On October 8, 1932, publication of "Frankie." The New Yorker. The Doctor's Son and Other Stories. The New York Stories.

This may be the earliest New York story, and it's a good brisk read:

   "Frankie had bustled into the shop one afternoon when things were quiet. . . . Dimello took him on and Frankie proved an efficient barber. He never seemed to talk to people without their enjoying it. That, of course, was because he knew not when to start a conversation. He made a lot of money for the shop and he wasn't there two weeks before he had a couple of regulars. He also had a date with Betty, the manicurist."

Things get complicated with Betty and her roommate Marline: "But the time she wanted to kill him was when she came home at four o'clock in the morning and found him there with Marline."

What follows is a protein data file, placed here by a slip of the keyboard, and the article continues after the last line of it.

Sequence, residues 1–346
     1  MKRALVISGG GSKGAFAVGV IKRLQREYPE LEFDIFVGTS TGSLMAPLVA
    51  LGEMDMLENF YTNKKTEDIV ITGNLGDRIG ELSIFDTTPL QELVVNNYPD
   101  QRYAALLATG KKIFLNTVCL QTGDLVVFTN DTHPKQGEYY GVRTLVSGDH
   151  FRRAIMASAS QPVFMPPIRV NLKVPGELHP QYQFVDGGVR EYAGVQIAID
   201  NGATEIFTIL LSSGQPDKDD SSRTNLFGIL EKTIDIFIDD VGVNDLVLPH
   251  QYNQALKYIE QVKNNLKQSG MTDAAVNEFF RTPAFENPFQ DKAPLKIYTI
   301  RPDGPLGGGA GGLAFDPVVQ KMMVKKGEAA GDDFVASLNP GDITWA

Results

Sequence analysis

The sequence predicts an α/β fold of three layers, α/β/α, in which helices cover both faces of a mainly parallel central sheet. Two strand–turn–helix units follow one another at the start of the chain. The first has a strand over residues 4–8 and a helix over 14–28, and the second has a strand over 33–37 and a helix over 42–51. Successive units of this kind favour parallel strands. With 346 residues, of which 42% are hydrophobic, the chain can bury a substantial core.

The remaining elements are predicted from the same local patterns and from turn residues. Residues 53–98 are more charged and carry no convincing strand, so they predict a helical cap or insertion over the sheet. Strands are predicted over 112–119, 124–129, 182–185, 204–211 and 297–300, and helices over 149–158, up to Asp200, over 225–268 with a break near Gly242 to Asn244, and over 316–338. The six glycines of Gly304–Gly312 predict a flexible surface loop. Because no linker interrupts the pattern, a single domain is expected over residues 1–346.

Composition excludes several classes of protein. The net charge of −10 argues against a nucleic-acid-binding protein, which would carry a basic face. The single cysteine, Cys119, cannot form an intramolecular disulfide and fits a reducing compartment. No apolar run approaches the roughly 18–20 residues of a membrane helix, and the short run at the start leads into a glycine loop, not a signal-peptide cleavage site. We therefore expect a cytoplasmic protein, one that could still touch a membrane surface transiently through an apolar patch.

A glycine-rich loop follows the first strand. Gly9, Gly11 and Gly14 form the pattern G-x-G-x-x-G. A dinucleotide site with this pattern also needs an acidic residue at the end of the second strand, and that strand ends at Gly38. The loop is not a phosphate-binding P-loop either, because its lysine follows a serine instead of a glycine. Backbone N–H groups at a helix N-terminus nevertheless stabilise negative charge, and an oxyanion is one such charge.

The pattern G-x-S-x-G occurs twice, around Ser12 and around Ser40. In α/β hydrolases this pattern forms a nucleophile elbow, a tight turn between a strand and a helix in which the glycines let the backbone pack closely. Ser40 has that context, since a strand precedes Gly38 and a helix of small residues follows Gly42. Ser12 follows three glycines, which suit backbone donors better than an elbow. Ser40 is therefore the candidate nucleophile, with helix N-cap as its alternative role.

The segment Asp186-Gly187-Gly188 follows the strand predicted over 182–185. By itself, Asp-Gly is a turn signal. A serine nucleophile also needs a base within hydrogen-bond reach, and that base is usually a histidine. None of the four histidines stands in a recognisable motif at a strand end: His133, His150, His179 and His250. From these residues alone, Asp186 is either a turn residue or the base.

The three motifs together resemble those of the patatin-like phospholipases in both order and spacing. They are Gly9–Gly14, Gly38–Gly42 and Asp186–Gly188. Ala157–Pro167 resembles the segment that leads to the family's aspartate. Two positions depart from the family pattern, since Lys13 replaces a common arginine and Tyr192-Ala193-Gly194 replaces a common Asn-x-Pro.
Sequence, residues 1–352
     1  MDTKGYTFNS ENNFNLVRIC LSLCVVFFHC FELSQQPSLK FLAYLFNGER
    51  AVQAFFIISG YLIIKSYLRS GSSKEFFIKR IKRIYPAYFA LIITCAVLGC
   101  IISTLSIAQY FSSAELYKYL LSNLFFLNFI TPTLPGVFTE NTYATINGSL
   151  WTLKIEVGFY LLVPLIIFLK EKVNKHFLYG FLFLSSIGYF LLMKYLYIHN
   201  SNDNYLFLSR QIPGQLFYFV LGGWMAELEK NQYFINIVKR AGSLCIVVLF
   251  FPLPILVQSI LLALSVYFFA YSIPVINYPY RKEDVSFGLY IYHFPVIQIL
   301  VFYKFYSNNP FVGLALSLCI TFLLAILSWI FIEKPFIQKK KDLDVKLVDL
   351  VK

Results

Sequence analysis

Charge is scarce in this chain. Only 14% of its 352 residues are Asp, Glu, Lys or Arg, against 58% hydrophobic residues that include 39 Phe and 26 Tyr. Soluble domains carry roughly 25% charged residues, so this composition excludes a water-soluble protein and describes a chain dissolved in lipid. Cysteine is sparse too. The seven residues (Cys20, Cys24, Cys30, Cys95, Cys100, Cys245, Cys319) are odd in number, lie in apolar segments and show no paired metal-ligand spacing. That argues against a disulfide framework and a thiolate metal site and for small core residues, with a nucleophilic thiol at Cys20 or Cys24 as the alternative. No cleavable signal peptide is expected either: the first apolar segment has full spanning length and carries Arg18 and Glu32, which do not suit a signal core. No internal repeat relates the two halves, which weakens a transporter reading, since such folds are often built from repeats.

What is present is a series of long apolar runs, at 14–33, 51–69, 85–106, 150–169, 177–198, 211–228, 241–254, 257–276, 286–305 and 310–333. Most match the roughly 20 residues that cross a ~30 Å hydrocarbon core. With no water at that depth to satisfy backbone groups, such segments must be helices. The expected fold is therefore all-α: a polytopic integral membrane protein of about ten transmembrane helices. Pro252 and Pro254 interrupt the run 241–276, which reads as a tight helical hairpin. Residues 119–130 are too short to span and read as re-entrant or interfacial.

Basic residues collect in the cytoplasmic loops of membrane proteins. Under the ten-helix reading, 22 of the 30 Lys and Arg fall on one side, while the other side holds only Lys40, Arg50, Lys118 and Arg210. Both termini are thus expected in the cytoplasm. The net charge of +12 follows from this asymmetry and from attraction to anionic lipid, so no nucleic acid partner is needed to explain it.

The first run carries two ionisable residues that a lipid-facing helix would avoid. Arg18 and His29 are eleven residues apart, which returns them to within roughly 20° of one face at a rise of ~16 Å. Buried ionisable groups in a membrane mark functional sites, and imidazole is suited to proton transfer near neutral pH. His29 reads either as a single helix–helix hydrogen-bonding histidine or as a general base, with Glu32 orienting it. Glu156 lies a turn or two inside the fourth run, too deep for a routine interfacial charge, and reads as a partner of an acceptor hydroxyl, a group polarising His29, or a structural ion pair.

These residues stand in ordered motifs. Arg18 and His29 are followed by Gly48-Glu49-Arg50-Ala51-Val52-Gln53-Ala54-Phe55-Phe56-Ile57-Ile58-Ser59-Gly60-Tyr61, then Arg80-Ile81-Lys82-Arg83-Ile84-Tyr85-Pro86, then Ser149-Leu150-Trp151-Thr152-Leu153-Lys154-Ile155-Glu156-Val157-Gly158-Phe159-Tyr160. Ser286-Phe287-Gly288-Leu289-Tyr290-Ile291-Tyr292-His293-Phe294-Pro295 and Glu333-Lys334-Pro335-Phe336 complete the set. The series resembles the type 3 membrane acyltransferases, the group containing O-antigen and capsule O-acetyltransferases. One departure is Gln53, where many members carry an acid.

The story ends when two gangsters from Philadelphia catch up with Frankie: "Finish the man's shave, becuss it's going to be the last you'll do for about ten years."

1 comment:

Steven Goldleaf said...

Gangsters? I always read that as "the law"--gangsters don't do things to you for ten years. Their retribution tends to be swifter than the law's.